Likely More Cancer

Back on the 12th of last month, as part of the study I’m in, I had a CT scan that showed what could be another bit of cancer in my lungs; and a PET scan about a week later confirmed that the lump was “hypermetabolic’.

Today, I had a bronchoscopy and a biopsy of the new lump.  Since that required general anesthesia and I have no one to drive me home and watch out for me overnight, I was admitted to the hospital for “observation”.  If my last two biopsies are any indication, nothing will be observed; and I’ll be on my way home by late morning or early afternoon.

I’m not sure when I’ll find out the results of the biopsy, but it’ll be tomorrow at the earliest, maybe not until Monday.  I have appointments with the radiation and chemo oncologists next Thursday when I’ll decide what to do.  At my age, there won’t be any thoracic surgery.

Update, Friday the 19th:  one thing I forgot to mention is that they put me in a private room, which was convenient.  Also, I brought my laptop with me along with my WiFi hotspot, so I was able to mitigate some of the boredom.

There was one interesting bit of news on NBC’s Today:  Israel, in response to the Iranian attack, refrained from cranking it up to eleven.  I was surprised by that.

Around 10:15 this morning, the doctor who had the authority to release me deigned to show up; and since, just like after the first two bronchoscopies, I had no unexpected, or even uncomfortable, symptoms; so I was out by about 10:30.  At 12:30 as I write this, I’ve returned home, unpacked, and checked my regular mail, e-mail, and the blogs I frequent; so I’m now ready to resume my normal life. 😎

I still haven’t seen any results from the biopsy, but I don’t really expect that until Monday.

Update, 2024-04-25:  it’s definitely small-cell cancer that has shown up again, so the chemo routine will be mostly what I had before, the same drugs that I had no horrible response to; although they won’t be able to treat the low white blood cell side effect in the same way, so I might be also taking antibiotics to help guard against infection.  The chemo doctor also mentioned the possibility of immunotherapy, but they’ll wait on that depending on how the first round of chemo goes.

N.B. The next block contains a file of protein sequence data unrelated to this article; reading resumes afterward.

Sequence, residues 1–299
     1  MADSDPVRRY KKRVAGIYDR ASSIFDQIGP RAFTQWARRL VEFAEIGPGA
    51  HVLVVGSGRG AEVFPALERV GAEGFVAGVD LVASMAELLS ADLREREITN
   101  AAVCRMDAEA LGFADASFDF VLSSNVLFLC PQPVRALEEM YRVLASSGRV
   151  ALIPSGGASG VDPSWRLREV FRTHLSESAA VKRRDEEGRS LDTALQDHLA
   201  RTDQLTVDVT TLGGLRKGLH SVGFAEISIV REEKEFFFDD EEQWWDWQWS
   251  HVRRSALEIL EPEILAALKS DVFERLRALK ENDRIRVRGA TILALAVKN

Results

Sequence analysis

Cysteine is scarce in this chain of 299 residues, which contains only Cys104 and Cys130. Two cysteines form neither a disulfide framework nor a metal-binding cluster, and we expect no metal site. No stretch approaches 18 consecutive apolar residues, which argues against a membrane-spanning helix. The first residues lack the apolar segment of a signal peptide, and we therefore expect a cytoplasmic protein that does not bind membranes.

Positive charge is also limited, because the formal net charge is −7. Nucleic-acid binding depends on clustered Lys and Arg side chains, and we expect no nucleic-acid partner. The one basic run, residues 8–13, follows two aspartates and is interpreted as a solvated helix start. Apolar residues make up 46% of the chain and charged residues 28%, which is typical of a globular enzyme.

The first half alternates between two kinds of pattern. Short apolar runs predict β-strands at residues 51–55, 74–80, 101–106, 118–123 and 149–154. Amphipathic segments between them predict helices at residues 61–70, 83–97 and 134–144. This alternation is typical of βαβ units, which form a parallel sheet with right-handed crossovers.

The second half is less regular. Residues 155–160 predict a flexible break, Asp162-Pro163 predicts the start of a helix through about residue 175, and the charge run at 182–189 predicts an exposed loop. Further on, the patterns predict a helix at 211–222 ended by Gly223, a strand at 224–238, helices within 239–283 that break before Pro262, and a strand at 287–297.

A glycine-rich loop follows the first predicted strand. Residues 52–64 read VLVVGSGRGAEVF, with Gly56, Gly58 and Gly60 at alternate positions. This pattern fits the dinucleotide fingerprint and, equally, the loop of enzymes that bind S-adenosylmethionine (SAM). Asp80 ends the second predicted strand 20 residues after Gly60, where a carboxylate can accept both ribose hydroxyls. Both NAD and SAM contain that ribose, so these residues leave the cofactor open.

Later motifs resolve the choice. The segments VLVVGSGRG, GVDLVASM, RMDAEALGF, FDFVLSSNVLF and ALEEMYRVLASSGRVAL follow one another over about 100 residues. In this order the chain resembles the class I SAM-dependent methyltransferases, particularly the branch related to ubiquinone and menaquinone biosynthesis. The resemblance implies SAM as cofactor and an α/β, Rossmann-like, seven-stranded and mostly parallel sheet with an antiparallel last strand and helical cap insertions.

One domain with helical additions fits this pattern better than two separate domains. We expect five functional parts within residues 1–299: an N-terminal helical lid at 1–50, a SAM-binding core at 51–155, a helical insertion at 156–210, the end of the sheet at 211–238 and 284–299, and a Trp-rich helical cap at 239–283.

I’ll be getting lots more radiation, though:  twice a day, five days per week, for three weeks, starting on the 6th, a week from Monday.  I’ll probably get the first three-day round of chemo that first week; and it’s because of the radiation happening on the same days that they won’t be able to give me the Neulasta with the drugs that goose my bone marrow to counter the white blood cell deficiency.

I’ll know more when it actually happens, but I don’t expect any of the awful side effects of chemo since I tolerated it easily the last time.  I’ll be getting lots more radiation, but still low doses.  I think I remember being told that the dose is similar to what you get with a dental x-ray.

If my reaction to the chemo is no worse than it was the last time, the worst part of the business will likely be the drive to and from the hospital twice a day for three weeks.  One way takes me about half an hour on the best days; and since they want at least six hours between the first and second radiation treatments on each day, it’ll necessarily be scheduled to put me in rush-hour traffic to the hospital in the morning and home in the afternoon.  On the three chemo days, I’ll probably just hang around at the hospital all day; I’l take my laptop with me and be happy as a clam.  I’m not sure what I’ll do the other days.

I’ll keep readers informed about what goes on.  I’m not looking for sympathy (which, as I’ve said before, I don’t deserve); but maybe some folks might like to know what they might be up against (although I’m a statistic of one, of course, so YMMV).


  1. Katydid says

    I also wish you good luck and the most limited pain. As long as I’m wishing, I wish you a good overnight and sufficient attention from the nurses.

    A few years back, a good friend had some emergency abdominal surgery. She was sent home the same day. The hospital demanded she not be left alone, and her observer (me) was given a long list of what to look out for–if any had occurred, I was to call 9-1-1 immediately.

    The thought occurred that if she were so medically fragile, WHY was her care being outsourced to someone with no medical training? (Answer: so insurance could save a buck.)

    I feel that way about your case–should something have gone wrong overnight, wouldn’t a hospital be the best place for you? From that perspective, I’m glad they kept you.

    Let us know how you’re doing.

Leave a Reply

Your email address will not be published. Required fields are marked *